In horses and in life, some people are trustworthy and other people are not. It’s as simple as that. Every single horse dealer in the world will have somebody who’s unhappy with a horse they bought from them. Without knowing the ins and outs of the whole story, it’s impossible to tell who’s at fault, but if you repeatedly hear that things haven’t gone quite to plan with a certain dealer, clock that piece of information somewhere in your brain.
I won’t buy a horse from just anywhere. Unless I can link him back in one way or another to someone I trust who knows him, I won’t buy him.
Remember that there’s a big difference between gossip and word-of-mouth. You need to develop an ear for useful information and ignore the gossip.
Private sellers vs dealers
Buying horses through a dealer – defined as someone who earns their living by buying and selling horses – should offer protection under the Sale of Goods Act. According to the Act, horses sold by professionals must be ‘fit for the purpose for which it was sold’, of ‘satisfactory quality’ and ‘as described by the seller’ during the sales process.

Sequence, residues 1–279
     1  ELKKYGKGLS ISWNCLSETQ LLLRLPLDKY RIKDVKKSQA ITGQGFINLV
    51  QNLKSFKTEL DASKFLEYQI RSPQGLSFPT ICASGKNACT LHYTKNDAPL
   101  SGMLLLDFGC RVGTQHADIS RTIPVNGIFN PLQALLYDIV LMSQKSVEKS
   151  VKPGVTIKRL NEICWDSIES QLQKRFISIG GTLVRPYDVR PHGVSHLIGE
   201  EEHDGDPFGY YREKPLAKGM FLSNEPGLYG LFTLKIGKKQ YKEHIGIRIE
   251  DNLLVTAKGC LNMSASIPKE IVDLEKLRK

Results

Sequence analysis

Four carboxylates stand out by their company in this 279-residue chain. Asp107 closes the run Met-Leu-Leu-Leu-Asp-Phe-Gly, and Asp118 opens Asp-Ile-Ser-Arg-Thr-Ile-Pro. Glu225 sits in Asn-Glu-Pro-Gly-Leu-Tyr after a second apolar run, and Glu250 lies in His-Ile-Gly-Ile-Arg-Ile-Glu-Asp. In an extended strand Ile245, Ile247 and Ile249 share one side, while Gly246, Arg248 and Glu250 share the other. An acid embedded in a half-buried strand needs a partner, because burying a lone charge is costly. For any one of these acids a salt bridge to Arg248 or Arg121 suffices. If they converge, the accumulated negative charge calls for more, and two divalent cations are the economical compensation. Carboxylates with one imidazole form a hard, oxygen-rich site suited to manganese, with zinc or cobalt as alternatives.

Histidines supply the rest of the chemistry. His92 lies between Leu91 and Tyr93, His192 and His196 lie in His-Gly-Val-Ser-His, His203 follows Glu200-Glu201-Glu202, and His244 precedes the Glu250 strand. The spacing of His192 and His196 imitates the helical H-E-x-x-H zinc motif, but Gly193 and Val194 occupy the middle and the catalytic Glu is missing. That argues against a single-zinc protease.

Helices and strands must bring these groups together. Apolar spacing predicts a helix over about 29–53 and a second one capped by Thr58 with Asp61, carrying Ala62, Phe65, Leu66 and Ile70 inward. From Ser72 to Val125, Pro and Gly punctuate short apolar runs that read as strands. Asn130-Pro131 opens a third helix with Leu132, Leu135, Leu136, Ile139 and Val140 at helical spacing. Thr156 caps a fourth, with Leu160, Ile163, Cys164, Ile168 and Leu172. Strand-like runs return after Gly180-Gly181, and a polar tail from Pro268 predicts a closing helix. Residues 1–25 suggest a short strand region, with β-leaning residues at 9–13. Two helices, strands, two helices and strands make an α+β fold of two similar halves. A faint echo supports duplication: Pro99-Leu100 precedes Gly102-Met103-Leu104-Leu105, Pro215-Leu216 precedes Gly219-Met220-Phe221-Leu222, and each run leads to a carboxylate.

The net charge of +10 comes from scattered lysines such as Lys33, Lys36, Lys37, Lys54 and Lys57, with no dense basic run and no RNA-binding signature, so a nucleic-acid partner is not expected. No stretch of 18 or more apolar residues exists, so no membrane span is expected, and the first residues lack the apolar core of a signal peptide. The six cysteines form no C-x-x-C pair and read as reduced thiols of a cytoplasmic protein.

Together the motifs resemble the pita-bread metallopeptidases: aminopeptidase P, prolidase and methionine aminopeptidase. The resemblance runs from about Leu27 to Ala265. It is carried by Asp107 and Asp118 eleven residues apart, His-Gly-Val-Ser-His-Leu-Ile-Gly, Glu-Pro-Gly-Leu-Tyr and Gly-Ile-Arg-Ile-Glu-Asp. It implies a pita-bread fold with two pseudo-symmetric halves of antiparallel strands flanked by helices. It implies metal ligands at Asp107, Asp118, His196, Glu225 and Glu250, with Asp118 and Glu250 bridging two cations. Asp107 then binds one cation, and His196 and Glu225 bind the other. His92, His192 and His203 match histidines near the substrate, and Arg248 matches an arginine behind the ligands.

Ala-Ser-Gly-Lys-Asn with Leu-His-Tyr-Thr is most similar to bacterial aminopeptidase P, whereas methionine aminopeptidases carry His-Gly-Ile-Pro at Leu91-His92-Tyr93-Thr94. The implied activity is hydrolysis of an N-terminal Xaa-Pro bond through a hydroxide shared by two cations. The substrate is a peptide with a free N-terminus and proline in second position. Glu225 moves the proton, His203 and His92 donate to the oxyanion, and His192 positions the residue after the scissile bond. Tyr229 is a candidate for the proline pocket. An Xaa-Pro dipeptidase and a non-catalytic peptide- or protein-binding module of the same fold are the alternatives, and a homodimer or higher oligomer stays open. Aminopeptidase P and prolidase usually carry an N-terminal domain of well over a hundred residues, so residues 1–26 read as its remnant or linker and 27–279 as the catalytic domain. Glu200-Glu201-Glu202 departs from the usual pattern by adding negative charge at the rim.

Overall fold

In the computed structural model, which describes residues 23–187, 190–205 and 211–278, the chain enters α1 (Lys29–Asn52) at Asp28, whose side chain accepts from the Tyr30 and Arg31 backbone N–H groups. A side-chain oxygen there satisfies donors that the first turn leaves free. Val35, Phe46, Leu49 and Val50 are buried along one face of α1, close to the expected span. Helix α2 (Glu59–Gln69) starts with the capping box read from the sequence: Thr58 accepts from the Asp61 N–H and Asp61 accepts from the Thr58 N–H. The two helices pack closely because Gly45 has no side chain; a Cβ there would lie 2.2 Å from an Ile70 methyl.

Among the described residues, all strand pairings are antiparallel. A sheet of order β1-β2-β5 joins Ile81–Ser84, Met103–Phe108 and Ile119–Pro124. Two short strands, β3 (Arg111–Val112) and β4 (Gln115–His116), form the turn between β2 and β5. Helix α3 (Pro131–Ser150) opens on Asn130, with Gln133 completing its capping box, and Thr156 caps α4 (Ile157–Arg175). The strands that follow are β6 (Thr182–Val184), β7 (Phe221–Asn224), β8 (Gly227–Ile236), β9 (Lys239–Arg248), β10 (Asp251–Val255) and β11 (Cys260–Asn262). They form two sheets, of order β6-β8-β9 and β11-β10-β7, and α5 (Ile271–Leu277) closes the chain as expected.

3. Make specific requests
Be specific. There’s nothing wrong with saying, ‘I’d like to see the horse in the stable when I arrive’, or ‘I don’t want him to be exercised before I get there’.
Always look at his passport, too. This confirms a number of things, including whether it’s the horse you came to see. You can also check the horse’s age and breeding. In situations where a vendor has a lot of horses, mistakes can be made on important details.
4. Buy at home
If you can buy in the UK, then do. And even better if you can buy in the UK from a British breeder. It’s a relatively small island and everybody knows everybody. People who are going to bump into you on a regular basis are, therefore, statistically less likely to knowingly rip you off.
We all go to shows in different parts of the country and it’s more likely you’ll be able to find a friend or friend of a friend who knows the horse you’re looking at.